The Tel Aviv District Court will issue its verdict on former President Moshe Katsav on Thursday. Judges George Karra, Miriam Sokolov and Judith Shevach are all experts in criminal law and in analyzing evidence, including conflicting testimony.
The journalists present in the courtroom will rush to text their editors. They won't have to wait long for the bottom line, because by law, the court must announce an acquittal before reading the verdict - and acquittals on any charges will mean Katsav was convicted of the others.
The judges made their decision without regard to all the media reports and polls. That is the strength of a professional judge: He focuses solely on evidence that has been proven in court. A criminal conviction requires proof beyond a reasonable doubt.
The key charge in the indictment is rape. Specifically, Katsav is accused of "abusing his position and authority, in his roles as both minister and president," to obtain sex with a subordinate.
The Katsav indictment is unprecedented - not only in Israel, but apparently in the entire democratic world. But indictments are one thing and verdicts are another. The prosecution undertook a difficult task: proving beyond a reasonable doubt that rape was committed - actual penetration of the woman's sexual organ without her freely given consent.
The indictment does not ignore the problematic circumstances of the incidents it describes, such as the fact that A.B. returned to her job as then-Tourism Minister Katsav's office manager after the two acts of rape she alleges. It attributes her "mild, rather than blunt," objections to having sex to her desire to keep her job, and her fear that refusal "could lead to her dismissal."
The circumstances of the case will be the focus of the argument. But previous Supreme Court rulings seem to be on A.B.'s side.
One ruling, for instance, noted that "there are situations in which the woman does not object forcefully, inter alia out of fear and helplessness." The court has also ruled that the person controlling the situation has a "responsibility to ascertain beyond any doubt that the complainant is really interested in having relations." And it has acknowledged that "rape victims' trauma affects their behavior," which can vary widely "depending on the circumstances of the case, the degree of closeness and the balance of power between victim and attacker."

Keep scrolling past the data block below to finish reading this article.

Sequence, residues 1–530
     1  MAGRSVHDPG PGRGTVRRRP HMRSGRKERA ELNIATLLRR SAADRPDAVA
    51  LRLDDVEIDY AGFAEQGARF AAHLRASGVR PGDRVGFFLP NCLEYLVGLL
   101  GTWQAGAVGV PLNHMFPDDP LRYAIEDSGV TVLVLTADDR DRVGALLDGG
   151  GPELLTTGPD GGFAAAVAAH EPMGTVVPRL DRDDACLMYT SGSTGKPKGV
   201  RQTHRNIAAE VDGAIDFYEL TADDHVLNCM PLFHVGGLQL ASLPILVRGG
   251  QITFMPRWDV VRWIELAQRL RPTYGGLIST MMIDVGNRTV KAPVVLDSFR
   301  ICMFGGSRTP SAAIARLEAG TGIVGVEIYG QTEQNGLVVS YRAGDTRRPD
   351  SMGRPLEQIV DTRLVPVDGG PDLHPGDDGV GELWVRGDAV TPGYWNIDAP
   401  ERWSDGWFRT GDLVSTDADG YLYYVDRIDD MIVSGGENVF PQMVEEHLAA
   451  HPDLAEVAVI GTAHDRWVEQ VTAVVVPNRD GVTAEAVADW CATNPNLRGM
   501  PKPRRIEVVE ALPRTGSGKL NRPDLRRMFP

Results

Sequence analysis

But the law also requires criminal intent for a conviction, meaning the perpetrator must have been aware that the sex was nonconsensual, or at least have deliberately closed his eyes to the victim's objections.
Rape carries a maximum sentence of 16 years. There is also a minimum sentence of one-fourth the maximum, barring exceptional circumstances. Thus a rape conviction would almost certainly entail jail time.
The other sexual offenses of which Katsav is accused pale beside the rape charge. If he is acquitted of rape, even in a split decision, that will undermine the severity of his alleged actions.
Yet the other charges are also serious sex crimes. Forcible indecent assault carries a maximum sentence of seven years, while sexual harassment has a two-year maximum sentence. And both these crimes allegedly occurred while Katsav was president.
He is also accused of obstructing justice and intimidating a witness, each of which carries a three-year maximum sentence. Both are crimes that subvert the course of justice, making the very thought that they could be committed in the president's office deeply disturbing.
Rape is often hard to prove, and it is especially so given the circumstances of this case - particularly A.B.'s return to her job at the Tourism Ministry and her subsequent desire to work for Katsav in the president's office.
In an interview with Haaretz last year, Katsav flatly denied ever having had "intimate or romantic" relations with the complainants. If he stuck to this in court, then the judges had to decide between two diametrically opposed stories.
Katsav will walk out of court Thursday either a convicted rapist or the victim of an unsubstantiated smear. Even a conviction on lesser charges would undermine the severity of the case and raise questions about the prosecution's judgment.
Either way, Thursday's verdict will make legal and social history.
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